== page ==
Black Workers, Especially Women, Continue to Face Hair Discrimination at Work

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By Lucy Wyndham

How you wear your hair to work can say a lot about your professional aspirations. It is possible for black women to wear their hair in a variety of styles that can still appear professional. However, a shocking number of corporate employers still have Draconian dress codes on the books.

All too often, their policies on hairstyles specifically prohibit Black women from wearing their hair in a natural manner. It may require that employees straighten their hair. Other times, it may deny workers the right to wear common ethnic hairstyles, such as braids or dreadlocks. These policies are not only unfair, but they also have a chilling effect on the potential of Black women and some environments. Employees must incur significant expense to comply with these rules than other workers of a different racial background do not have to face.

Maintaining Eurocentric Hairstyles Takes Time and Money

Black hair usually isn’t meant to be straight or light-colored. It is naturally wavy, kinky, curly, and dark. There are many hairstyles that work well with Black hair, some of which require very little expense for upkeep.  Maintaining your hair in a style other than how it appears naturally requires a lot of time and chemical input. In other words, women with natural Black hair are facing discriminatory dress codes will have to invest money and several hours every week to straighten their hair and conform with the employer dress code.

Depending on the salon Black women frequent, it may cost several hundred dollars a week to follow a dress code that forbids natural hairstyles. In many ways, that cost serves as an attack on Black workers, especially when you consider that their colleagues of other races will only need to go to a salon once a month if that. While it may be possible to cut costs on those salon trips, low-quality salons can mean poor outcomes. More importantly, it can exacerbate the damage that chemical treatments exert on human hair.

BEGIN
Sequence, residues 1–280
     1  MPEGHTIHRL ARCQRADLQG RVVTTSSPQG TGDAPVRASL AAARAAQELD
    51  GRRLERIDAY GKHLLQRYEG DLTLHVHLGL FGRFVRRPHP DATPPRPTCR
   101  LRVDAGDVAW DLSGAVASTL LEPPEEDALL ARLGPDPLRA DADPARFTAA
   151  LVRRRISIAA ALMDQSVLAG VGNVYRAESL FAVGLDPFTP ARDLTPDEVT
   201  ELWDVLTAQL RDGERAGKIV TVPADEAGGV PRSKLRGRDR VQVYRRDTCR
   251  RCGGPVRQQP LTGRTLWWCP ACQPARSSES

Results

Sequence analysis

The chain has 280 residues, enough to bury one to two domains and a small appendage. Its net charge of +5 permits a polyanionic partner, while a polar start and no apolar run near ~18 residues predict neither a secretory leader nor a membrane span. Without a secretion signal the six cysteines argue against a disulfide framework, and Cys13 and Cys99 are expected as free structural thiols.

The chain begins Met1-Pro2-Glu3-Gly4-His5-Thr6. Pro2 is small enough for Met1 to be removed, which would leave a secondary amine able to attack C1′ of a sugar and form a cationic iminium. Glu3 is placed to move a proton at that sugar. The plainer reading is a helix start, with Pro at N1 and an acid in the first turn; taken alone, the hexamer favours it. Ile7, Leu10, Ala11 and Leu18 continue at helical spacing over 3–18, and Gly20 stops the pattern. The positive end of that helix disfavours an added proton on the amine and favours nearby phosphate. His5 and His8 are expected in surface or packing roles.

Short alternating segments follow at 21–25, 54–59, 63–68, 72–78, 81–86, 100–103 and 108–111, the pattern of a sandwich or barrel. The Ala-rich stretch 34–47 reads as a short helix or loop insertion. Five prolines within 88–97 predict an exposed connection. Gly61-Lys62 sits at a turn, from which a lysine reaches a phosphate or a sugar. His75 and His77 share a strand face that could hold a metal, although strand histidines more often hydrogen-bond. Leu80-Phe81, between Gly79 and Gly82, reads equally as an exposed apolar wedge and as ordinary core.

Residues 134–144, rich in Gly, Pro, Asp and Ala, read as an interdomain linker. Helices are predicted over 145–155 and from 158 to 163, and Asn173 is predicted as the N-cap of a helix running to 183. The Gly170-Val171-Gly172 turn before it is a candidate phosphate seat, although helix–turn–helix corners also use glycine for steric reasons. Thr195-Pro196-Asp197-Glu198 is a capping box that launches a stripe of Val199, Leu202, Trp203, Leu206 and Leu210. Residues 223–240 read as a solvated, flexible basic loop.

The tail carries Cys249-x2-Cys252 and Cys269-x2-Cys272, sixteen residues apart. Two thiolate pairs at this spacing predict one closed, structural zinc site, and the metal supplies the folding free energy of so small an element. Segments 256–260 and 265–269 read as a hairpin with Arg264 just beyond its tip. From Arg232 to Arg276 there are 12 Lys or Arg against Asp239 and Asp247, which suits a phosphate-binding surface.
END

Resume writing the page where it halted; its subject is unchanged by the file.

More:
Female Workers Face More of a Burden

Despite the list of skills and experience that Black women continue to develop, dress code policies typically have a stronger impact on rising up the career ladder. After all, the dress code policy likely instructs men to keep their hair short. That removes the need for difficult care, such as chemical straightening. It also precludes male employees from the requirement to purchase quality wigs to look professional.

Instead, they can just maintain a short shaved or buzzed haircut, which will cost a fraction of a woman’s trip to a salon. Women in the workplace already make less money on average than male employees do. When you consider the compounded expense of caring for longer hair, that can be another source of inequality and discrimination for black female workers.

Challenge the Dress Code and the Assumption that Natural Hair Isn’t Professional

No one should have to face discrimination in the workplace over the natural state of their hair. Regardless of your hair color or style, you should challenge your employer’s dress code policy if it discriminates against Black workers. Not only does it create an unbalanced requirement for individuals of color, but may also impact your ability to draw the best and brightest to your company.

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